From 1978 to 1995, an unknown American domestic terrorist waged a bombing rampage targeting those involved with modern technology. Dubbed the “Unabomber” by the mainstream media, the anarchist’s homemade devices would claim three lives and injure 23 others over a 17-year span.
The Unabomber’s reign of terror came to an end in April 1996, when Ted Kaczynski, a former assistant university professor, mathematics prodigy and Harvard graduate, was arrested at his cabin in rural Montana. Inside the lodge, investigators discovered an abundance of bomb components, what appeared to be an original typed manuscript of a manifesto published by The Washington Post and The New York Times and one bomb ready for mailing, leaving little doubt as to the identity of the Unabomber.
Following Kaczynski’s apprehension, it was revealed that his younger brother, David, was responsible for the identification and arrest of the Unabomber after David’s wife became suspicious that Kaczynski could be the one behind the bomb attacks. Kaczynski pleaded guilty in 1998 to all of the government’s charges against him and received eight life sentences without the possibility of parole.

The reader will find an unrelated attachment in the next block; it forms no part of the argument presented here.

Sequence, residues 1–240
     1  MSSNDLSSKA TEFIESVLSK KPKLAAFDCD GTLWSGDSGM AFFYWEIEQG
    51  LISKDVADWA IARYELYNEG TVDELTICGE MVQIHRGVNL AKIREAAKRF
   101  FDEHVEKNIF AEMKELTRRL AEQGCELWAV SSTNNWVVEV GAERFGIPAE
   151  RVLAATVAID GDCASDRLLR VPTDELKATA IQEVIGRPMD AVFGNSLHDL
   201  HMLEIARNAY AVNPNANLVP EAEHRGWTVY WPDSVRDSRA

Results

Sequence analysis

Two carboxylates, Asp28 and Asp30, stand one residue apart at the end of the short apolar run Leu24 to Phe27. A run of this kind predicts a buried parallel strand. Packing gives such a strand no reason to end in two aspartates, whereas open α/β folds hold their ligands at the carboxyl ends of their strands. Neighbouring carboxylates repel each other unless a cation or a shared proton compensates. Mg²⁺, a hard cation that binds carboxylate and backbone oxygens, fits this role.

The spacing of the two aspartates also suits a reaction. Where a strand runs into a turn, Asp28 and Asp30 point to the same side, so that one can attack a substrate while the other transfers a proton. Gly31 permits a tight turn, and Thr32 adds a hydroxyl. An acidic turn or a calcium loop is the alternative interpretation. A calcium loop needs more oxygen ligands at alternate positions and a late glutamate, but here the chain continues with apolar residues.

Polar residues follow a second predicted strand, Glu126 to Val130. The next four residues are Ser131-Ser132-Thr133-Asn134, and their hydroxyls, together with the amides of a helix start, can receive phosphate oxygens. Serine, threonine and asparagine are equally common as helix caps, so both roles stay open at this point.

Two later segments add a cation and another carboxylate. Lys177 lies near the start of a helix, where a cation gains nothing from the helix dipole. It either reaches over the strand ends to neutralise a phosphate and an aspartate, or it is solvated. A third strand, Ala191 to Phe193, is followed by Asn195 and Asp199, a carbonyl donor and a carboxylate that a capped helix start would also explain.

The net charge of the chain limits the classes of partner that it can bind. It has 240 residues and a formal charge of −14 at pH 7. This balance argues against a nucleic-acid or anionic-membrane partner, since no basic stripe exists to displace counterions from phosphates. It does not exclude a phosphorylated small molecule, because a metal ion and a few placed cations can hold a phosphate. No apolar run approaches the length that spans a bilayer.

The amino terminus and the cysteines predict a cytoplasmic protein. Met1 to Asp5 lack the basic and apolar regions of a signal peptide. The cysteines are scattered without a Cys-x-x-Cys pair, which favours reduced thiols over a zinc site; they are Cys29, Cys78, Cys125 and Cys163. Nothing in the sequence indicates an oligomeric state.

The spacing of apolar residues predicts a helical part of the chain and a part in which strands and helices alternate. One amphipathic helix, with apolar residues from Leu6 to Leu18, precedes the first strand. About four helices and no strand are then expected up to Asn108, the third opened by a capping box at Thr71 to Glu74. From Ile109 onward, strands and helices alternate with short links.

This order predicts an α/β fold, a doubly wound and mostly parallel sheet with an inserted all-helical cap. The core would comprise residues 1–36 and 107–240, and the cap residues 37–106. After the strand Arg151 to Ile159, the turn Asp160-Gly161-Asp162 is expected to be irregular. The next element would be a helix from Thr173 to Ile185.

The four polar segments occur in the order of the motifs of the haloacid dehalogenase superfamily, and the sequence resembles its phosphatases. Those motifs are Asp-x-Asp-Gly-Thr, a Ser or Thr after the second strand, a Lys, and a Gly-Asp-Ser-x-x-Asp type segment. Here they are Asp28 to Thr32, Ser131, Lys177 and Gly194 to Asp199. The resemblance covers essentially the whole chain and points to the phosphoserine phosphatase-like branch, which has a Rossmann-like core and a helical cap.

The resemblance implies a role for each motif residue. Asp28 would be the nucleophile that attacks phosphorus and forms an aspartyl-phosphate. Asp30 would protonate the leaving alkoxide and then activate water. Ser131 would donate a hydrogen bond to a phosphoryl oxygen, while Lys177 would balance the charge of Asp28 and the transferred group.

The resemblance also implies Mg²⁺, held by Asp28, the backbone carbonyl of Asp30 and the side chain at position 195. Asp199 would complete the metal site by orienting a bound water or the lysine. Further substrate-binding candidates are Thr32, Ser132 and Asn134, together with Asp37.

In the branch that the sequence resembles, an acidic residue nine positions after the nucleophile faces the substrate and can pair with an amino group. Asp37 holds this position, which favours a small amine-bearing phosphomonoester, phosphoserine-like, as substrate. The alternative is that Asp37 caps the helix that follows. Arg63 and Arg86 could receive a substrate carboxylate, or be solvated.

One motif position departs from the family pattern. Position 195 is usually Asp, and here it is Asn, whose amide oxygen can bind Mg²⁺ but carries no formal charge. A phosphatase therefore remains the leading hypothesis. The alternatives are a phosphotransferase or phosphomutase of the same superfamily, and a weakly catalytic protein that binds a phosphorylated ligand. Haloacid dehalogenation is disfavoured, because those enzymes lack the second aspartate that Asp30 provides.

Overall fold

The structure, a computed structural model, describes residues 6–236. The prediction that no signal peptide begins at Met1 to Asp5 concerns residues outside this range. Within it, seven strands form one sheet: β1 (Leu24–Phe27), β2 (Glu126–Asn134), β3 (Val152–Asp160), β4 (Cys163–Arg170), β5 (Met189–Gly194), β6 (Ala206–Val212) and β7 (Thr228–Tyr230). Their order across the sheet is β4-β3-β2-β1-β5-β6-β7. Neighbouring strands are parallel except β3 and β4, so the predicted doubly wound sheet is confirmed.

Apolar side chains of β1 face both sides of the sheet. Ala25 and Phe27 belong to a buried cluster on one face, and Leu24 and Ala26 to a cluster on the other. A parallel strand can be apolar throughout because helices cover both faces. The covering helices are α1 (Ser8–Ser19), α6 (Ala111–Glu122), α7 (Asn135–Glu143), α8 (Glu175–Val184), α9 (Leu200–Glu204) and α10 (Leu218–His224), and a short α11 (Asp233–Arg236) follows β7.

David Kaczynski has penned a memoir titled Every Last Tie: The Story of the Unabomber and His Family. Released earlier this year by Duke University Press, the book details Kaczynski family life, David’s often tumultuous relationship with Ted during adulthood and the difficulties of living under mainstream media pressure following he and his wife Linda’s angst-ridden decision to notify authorities of their suspicions that Ted was the Unabomber.
Kaczynski, a practicing Tibetan Buddhist, former youth shelter assistant director and anti-death penalty advocate, is a well-spoken author whose anguish while wrestling with his suspicions of Ted is painfully clear within the pages of Every Last Tie. Essentially estranged from his brother since 1990, the reader can’t help but feel David maintains some hope of a reconciliation one day.
Included in Every Last Tie is twenty pages of Kaczynski family photographs (courtesy of David) and an afterword by psychiatry professor and forensic psychiatrist James L. Knoll IV. At 141 pages, the book is an easy and compelling read.
(Special thanks to Duke University Press)